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Elites and Politics in Central and Eastern Europe (1848–1918)

Edited By Judit Pál and Vlad Popovici

The volume deals with the evolution and metamorphoses of the political elite in the Habsburg lands and the neighbouring countries during the long 19 th century. It comprises fourteen studies, compiled by both renowned scholars in the field and young researchers from Central and Eastern Europe. The research targets mainly parliamentary elites, with occasional glimpses on political clubs and economic elites. The main subjects of interest are changes in the social-professional composition of the representative assemblies and inner power plays and generation shifts. The collection of studies also focuses on the growing pressure brought by emerging nationalisms as well as electoral corruption and political patronage.
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Parliamentary Representation in Eastern Hungary (1861–1918). Preliminary Results of a Prosopographic Inquiry

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Alexandru Onojescu, Ovidiu Iudean, Vlad Popovici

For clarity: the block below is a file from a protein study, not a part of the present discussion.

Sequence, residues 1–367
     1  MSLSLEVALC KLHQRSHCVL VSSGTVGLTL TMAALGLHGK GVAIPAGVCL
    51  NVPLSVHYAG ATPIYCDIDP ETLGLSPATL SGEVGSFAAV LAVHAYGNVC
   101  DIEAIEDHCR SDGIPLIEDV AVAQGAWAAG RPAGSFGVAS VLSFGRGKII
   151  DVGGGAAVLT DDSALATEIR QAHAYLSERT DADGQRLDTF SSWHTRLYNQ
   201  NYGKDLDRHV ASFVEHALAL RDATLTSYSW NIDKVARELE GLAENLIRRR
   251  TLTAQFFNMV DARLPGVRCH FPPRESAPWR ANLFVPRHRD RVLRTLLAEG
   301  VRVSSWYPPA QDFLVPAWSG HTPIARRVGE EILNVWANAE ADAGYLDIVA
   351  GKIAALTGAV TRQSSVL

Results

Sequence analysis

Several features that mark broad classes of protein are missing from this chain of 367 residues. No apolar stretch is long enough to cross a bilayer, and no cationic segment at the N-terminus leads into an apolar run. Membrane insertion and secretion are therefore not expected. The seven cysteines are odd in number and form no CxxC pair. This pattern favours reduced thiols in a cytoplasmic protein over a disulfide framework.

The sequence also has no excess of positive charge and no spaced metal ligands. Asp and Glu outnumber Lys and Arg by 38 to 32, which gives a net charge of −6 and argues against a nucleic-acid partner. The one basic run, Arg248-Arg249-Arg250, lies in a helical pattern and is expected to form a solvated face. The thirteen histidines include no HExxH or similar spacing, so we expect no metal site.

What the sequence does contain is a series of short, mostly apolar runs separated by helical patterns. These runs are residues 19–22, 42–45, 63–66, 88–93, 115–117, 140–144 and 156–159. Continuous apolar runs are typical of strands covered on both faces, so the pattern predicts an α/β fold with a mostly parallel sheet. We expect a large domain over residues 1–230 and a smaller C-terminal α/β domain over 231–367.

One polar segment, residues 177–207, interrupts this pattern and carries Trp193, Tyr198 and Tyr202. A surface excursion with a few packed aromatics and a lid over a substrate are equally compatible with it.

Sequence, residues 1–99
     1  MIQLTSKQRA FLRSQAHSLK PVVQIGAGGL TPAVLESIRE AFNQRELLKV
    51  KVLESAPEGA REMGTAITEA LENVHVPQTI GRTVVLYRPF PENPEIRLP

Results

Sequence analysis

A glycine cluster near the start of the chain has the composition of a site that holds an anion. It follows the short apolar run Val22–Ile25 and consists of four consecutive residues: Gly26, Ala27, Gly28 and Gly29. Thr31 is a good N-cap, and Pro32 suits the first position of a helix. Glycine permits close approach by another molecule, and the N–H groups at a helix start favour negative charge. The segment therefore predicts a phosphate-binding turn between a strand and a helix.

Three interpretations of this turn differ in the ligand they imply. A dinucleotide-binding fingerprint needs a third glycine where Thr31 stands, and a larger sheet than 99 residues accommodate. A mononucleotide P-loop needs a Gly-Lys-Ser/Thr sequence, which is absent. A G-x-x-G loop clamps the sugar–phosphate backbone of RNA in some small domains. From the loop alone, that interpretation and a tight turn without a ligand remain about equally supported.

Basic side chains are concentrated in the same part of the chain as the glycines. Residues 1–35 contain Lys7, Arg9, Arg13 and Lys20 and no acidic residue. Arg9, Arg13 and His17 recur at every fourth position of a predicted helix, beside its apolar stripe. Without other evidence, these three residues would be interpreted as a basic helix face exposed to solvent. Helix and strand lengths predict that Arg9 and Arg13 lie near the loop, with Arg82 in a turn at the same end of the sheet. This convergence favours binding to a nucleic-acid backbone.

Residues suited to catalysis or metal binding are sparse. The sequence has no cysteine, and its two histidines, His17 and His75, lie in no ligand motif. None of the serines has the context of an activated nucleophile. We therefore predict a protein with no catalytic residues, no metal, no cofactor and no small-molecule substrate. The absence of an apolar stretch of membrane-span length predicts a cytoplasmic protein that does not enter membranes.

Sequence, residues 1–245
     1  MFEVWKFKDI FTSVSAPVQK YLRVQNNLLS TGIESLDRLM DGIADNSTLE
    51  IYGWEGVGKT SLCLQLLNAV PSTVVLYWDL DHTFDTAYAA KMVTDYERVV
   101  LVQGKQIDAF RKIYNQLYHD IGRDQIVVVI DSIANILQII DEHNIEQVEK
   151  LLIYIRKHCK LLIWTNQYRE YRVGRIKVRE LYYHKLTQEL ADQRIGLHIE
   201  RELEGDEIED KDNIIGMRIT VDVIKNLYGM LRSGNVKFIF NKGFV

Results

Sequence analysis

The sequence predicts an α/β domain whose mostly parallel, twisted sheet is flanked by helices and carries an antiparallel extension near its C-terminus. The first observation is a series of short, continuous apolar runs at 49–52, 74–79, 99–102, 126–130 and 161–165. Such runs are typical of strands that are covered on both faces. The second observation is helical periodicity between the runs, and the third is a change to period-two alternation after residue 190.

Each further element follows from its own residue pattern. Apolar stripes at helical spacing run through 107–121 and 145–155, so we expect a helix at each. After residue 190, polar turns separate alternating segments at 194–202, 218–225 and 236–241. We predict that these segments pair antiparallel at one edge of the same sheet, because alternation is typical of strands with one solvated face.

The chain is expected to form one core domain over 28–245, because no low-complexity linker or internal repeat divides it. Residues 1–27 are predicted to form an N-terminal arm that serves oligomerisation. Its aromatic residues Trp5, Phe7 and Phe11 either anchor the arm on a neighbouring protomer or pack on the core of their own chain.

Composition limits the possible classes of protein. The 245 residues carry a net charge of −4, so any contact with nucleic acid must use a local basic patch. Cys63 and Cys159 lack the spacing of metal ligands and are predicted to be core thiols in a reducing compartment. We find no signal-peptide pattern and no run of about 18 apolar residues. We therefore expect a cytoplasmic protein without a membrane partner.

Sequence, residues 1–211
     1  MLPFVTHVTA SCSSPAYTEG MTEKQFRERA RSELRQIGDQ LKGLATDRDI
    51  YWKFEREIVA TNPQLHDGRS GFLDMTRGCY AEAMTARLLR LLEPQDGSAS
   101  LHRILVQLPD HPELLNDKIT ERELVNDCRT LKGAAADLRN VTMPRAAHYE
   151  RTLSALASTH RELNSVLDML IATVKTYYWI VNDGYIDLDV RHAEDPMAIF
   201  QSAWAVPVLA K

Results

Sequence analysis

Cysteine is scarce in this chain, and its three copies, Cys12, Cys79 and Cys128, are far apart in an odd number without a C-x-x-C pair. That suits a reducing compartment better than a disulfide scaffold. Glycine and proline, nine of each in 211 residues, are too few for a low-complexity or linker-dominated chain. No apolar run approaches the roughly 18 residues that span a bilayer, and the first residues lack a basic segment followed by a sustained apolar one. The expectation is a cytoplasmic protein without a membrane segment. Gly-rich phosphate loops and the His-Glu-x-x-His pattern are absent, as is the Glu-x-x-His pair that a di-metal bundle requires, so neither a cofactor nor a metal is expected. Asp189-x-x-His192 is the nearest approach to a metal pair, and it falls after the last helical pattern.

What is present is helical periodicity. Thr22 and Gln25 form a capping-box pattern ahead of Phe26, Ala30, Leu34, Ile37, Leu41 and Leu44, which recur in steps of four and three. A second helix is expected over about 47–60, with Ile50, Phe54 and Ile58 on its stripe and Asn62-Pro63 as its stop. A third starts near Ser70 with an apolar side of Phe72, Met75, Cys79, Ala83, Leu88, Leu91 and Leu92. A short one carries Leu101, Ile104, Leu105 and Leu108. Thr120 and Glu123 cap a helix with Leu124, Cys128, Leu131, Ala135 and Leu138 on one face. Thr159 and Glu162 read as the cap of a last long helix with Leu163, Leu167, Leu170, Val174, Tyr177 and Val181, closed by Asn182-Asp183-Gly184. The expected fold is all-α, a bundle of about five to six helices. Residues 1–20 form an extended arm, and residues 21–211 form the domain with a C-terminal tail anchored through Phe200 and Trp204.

The geographical area circumscribed by our research is situated on a southwest– northeast axis along the borderlands between Transylvania and Hungary; this is the main reason for employing the term ‘Eastern Hungary’ in the title, although we are aware of its somehow vague meaning. The complex ethnic structure of this territory and its political and administrative history in the Early Modern and Modern times—being heavily disputed between Hungary and the Principality of Transylvania1—were powerful reasons for us to open a prosopographic inquiry regarding its representatives in the Hungarian Parliament.

The 1890 census (halfway through the dualist period) offers a relatively detailed image of the region’s ethnic structure (see Table 1). Of a total population of 1,672,747, around 80% was divided almost equally between Hungarians and Romanians. Romanians were the majority in the counties of Arad and Szilágy, while Hungarians were the majority in Szatmár and Csanád. In the case of Bihar, the two ethnic groups were almost equal in terms of numbers, with a slight Hungarians ← 211 | 212 → preponderance. After the Hungarians and Romanians came Ruthenian and German ethnicities; the Germans were better represented in the counties of Arad and Máramaros, while Ruthenians formed the majority population of Máramaros, the most ethnically diverse county. Notwithstanding all this, throughout the period under study the Ruthenians were very poorly represented politically.

Table 1. Population structure in the researched area2

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